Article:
• reputation risk management process - Unknown
  • operational risks in bank call center - Qatar
  • coso definition of operational risk - Unknown
  • black swan incident that occurs once in a lifetime - Unknown
  • ubs operational risk case analysis - Unknown
  • business resiliency definition - JP Morgan Chase
  • "operational risk" outliers - France
  • a risk effect on a daily operation - DeVry
  • examples of smart objectives risk - United Kingdom
  • black swan incident\ - South Carolina
  • black swan incident - Computer Sciences Corporation
  • what is a black swan incident - South Carolina
  • duty of care board of directors - United Kingdom
Collection of data is one thing.  Relevance and sense-making is another.  Can you imagine some of the search terms that are tracked just by Google or Bing?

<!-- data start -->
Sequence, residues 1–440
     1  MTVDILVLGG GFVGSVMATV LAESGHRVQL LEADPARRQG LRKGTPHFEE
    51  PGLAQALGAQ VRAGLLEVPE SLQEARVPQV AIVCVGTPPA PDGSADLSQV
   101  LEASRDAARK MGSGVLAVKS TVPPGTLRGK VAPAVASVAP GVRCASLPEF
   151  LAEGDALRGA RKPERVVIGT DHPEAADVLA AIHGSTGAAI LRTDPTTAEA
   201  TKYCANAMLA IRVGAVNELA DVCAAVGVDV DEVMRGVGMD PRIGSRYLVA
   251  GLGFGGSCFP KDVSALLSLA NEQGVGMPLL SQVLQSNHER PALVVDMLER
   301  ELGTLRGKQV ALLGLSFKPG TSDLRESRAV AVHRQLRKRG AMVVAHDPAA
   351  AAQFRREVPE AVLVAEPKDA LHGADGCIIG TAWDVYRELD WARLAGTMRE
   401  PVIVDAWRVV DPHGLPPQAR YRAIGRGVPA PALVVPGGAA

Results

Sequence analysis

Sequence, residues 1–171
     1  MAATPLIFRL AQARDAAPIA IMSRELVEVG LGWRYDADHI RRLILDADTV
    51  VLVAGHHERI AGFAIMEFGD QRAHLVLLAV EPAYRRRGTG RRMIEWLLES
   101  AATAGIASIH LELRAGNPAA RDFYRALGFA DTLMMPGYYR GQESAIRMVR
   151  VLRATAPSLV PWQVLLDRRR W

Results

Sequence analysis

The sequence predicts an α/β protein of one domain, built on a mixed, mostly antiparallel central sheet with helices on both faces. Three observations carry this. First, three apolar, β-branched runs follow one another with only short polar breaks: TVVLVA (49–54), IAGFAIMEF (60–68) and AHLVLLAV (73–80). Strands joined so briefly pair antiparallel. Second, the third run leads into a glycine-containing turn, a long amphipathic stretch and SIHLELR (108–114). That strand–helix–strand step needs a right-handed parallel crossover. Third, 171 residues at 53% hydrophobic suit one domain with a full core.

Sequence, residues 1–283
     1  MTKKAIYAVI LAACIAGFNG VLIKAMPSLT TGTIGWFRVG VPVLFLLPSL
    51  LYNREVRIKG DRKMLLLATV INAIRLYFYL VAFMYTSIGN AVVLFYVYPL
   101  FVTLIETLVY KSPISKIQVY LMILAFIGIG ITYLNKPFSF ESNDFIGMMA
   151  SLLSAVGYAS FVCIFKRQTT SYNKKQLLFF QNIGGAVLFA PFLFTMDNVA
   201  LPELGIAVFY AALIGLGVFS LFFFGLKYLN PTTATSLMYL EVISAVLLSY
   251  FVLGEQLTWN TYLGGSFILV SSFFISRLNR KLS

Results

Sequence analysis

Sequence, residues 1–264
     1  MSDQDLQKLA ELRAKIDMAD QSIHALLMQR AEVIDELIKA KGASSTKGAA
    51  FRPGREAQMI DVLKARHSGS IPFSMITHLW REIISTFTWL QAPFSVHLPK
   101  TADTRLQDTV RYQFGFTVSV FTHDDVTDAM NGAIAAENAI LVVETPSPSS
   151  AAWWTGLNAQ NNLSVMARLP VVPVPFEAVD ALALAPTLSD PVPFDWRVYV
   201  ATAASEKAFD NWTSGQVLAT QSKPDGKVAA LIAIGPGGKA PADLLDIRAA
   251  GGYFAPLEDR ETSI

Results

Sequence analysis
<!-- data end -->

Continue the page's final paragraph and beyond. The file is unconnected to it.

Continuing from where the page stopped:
What about the companies that know us the best?  Those marketing and personal data sites that keep track of where you live, how much you spend on your credit cards and where, or even the name of your pets.  How often do you give them your phone number or e-mail address at the point-of-sale (POS) to get a discount at the local retailer, gas station or pharmacy?  Believe us when we say that there are hundreds of organizations that know more about you in the private sector than some government across the world.

The trail of "digital finger prints" you leave behind everyday are vast.  A snap shot of your face at the local ATM or a snap shot of your desktop when you login to the online banking web site.  In either case, these examples are just a few of the ways that your habits, locations, preferences and lifestyle are profiled each and every day.  Where did all of this begin?  Fraud Management.  Not Homeland Security.